The Los Angeles Unified School District is proposing to furlough its 80,000 employees for up to five days without pay next year to help cope with a $381-million budget shortfall and avoid layoffs. For teachers, that would mean losing some vacation and preparation days but would not reduce students’ instruction time.
The proposal is scheduled to be discussed by the Board of Education on Tuesday and would have to be negotiated with unions, which strongly oppose it. If approved, it would result in a 1.8% pay cut for all staff, including teachers, clerical workers and administrators, said Joe Zeronian, chief financial officer for L.A. Unified.
The rotating furloughs of four to five days would save the district $68 million, money that would preserve the jobs of counselors, coaches, library aides and other staffers who otherwise could face layoffs or sharp reductions in hours, he said.
“One alternative is cutting personnel. On the other hand, if you have a whole office take a furlough for four days, when they return they have same manpower level,” Zeronian said. “I wouldn’t say this is a popular thing, but if you talk to people and ask which would you prefer, they would prefer a furlough.”
But union representatives strongly disagree, and say the district should cut more deeply from central offices and administrative expenses before dipping into the salaries and vacations of other employees.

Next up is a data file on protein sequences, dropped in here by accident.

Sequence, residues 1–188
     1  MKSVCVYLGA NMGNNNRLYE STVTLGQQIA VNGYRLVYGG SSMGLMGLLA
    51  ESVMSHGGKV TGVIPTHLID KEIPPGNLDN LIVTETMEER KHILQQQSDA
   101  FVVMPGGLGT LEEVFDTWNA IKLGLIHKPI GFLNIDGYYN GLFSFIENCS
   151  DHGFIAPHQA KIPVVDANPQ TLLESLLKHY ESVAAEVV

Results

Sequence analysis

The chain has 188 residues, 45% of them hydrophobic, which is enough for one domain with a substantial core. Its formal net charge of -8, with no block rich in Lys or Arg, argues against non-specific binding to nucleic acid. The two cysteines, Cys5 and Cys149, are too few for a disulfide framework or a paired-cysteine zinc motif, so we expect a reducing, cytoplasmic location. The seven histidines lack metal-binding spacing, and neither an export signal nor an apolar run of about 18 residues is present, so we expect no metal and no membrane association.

“Furlough is just a fancy way of saying ‘pay cut,’ ” said Delores Sanchez, president of the Los Angeles chapter of the California School Employees Assn., which represents business, clerical and technology workers. “Many, many of our classified workers are single parents. We can’t accept this. It would hurt our families.”
John Perez, president of United Teachers-Los Angeles, said the union is going to fight the proposal. The concept will “so anger the members that they are going to go nuts,” he said.
“Instead of cutting from the top, they are immediately cutting the real program, which is the child’s education,” Perez said.
Zeronian said the proposal is less severe than the layoffs that hundreds of other districts across the state are implementing. And it would not be the first time the Los Angeles school system tried furloughs.
In 1992, an eight-day furlough was approved by the local school board and rescinded after the State Board of Education objected. In 1991, the Los Angeles board and unions approved a two- to five-day furlough in addition to a 3% pay cut for all employees. The union agreed to the action after the district guaranteed to later repay the amount cut from salaries.
Other proposed reductions next year for L.A. Unified include cutting $77 million from instructional materials, nursing, principals’ hours and desegregation programs and other school-related expenses. In addition, $54 million in central administration office cuts are on the table, Zeronian said. The rest of the budget gap would be filled with $106 million from reserves and $49 million from state-funded categorical programs; an additional $27 million in cuts could be delayed until next year.